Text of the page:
Finally, I like candidates that have a broad range of experience. This applies to all levels of BA's, including Junior through to Senior. Obviously, a junior may not have any experience at all, but at least they may be able to demonstrate a range of experience through their first jobs (restaurant - retail). I look for BAs that have completed several different projects that have served a varied and diverse client base. I believe that it is better to have some knowledge of several lines of business than to be an expert in only one business area. That is not to say that you cannot be considered an expert in one area and still contain a broad range of experience.

I was once asked by a senior manager type who I thought made a better BA - A Technological Expert or a Business Domain expert? I surprised them with my answer: "I don't think either is any better than the other. It really depends on type of person they are and if the possess exemplary customer services skills. Technology and Business Domain knowledge can be taught, where the desire to satisfy another person's needs is more of an inherent characteristic".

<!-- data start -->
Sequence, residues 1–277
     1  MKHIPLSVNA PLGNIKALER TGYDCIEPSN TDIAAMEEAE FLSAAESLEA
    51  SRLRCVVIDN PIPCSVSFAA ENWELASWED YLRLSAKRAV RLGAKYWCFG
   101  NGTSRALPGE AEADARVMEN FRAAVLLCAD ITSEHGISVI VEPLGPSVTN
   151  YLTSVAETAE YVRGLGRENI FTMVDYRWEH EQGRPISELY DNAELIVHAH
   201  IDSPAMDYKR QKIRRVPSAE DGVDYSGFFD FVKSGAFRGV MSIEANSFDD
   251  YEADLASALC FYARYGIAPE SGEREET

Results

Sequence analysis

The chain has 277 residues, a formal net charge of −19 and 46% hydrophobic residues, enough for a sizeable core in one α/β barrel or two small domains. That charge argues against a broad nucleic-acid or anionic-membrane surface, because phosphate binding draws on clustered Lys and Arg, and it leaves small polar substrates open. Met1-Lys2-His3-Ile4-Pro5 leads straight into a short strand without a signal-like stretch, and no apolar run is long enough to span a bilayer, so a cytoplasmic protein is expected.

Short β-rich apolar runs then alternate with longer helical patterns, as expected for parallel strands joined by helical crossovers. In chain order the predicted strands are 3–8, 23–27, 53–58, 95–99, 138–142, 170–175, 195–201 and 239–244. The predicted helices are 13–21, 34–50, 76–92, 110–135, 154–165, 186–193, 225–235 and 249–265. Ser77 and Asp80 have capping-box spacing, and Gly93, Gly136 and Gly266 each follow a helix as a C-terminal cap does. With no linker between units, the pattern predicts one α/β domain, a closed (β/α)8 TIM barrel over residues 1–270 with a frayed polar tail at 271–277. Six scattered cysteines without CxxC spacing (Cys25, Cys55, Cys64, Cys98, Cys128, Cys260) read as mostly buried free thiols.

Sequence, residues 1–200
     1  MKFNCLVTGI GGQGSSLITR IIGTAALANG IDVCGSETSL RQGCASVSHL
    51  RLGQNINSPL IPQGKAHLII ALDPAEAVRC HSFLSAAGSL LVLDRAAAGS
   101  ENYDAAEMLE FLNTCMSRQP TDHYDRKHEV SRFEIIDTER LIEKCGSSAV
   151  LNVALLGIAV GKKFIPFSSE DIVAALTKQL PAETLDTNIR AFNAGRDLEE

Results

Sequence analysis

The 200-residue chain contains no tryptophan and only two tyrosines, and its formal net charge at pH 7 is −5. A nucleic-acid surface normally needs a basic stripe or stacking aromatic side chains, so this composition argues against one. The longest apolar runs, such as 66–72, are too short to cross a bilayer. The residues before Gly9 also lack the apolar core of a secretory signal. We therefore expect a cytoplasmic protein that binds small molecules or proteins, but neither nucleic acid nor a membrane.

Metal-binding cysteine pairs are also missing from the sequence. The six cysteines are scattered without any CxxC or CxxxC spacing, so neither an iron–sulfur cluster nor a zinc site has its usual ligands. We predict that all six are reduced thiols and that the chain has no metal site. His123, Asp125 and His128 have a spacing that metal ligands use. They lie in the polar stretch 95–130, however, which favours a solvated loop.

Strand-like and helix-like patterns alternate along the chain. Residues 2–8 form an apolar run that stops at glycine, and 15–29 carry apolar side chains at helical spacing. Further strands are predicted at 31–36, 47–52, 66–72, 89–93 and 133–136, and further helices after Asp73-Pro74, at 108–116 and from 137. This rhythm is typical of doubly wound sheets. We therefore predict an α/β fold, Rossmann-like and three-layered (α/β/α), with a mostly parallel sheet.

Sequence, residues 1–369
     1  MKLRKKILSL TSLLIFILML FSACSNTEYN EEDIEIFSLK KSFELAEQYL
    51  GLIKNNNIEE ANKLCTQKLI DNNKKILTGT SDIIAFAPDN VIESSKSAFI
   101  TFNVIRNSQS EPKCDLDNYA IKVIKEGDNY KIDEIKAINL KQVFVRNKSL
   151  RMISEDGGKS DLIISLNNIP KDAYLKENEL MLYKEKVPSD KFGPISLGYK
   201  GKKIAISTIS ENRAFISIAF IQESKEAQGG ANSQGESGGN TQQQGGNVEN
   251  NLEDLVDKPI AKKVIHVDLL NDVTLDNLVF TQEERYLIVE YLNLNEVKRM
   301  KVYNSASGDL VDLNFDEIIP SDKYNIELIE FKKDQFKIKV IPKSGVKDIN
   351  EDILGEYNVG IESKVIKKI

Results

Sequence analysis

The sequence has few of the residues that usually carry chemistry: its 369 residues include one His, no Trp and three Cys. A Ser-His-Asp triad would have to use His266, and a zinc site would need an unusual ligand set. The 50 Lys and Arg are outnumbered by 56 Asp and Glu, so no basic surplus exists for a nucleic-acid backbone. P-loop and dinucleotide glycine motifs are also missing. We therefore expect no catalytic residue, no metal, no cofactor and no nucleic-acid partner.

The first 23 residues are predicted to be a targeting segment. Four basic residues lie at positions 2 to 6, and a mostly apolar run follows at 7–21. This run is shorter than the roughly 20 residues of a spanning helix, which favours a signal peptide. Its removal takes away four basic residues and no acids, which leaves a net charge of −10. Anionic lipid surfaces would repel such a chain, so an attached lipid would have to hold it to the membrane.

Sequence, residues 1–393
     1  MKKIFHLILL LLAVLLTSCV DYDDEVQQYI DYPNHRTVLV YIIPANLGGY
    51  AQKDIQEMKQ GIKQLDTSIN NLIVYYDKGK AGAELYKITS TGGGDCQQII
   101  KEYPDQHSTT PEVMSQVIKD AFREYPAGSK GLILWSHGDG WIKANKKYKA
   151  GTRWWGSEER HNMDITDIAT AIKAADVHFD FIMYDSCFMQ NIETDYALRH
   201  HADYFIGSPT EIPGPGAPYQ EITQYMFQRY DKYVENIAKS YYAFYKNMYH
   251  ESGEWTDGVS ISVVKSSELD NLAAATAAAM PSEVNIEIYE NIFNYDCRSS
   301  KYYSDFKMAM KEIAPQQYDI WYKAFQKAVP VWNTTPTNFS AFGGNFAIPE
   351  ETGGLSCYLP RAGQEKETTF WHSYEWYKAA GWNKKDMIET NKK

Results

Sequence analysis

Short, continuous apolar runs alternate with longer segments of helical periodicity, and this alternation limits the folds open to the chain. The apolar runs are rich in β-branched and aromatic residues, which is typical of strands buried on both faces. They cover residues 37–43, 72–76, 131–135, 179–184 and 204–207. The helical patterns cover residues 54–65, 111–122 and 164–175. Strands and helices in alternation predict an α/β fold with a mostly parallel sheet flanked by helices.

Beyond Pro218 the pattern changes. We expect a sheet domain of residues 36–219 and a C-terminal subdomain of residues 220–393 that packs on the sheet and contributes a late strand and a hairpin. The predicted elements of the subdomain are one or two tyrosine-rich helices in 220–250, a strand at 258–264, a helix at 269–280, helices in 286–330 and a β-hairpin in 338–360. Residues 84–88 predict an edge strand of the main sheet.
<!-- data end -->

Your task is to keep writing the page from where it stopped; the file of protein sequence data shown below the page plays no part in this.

Overall, I consider Customer Service Skills to be the number one attribute I look for, followed by Strategic Thinking and Breadth of Experience. Notice that I do not mention technological skills or knowledge. While I come from a systems development and software design background, I don't think that it is imperative skill set for a BA to possess.
What are your thoughts? let me know.....

Ready..... Set..... Launch?

3 years ago we started with the requirements gathering session that included a brief overview of UML 2.0. The Working Group were an eager bunch and very passionate about their business. I thought this was going to be easy........

Having an engaged Working Group is the dream of any BA. These people were / are very detailed and thorough. I was in heaven. The requirements would literally write themselves. The users would do it all. My job was to ensure that the Junior BA captured the requirements as the users had described them. I soon learned that it was not going to be as easy as I thought. We soon got mired in the details of their operations that really offered no value to the project. My facilitation skills were pushed to the limits in trying to rein them in and focus everyone on the task at hand and then try to move on to more relevant topics.

The original schedule, which we knew was aggressive, was for a year from requirements to implementation. The requirements took the scheduled amount of time, approximately 6 months. The design proved to be more challenging and we decided to use an implementation of Oracle’s BPEL with a Java front-end. Design completed within 6 months and then it was time for the build.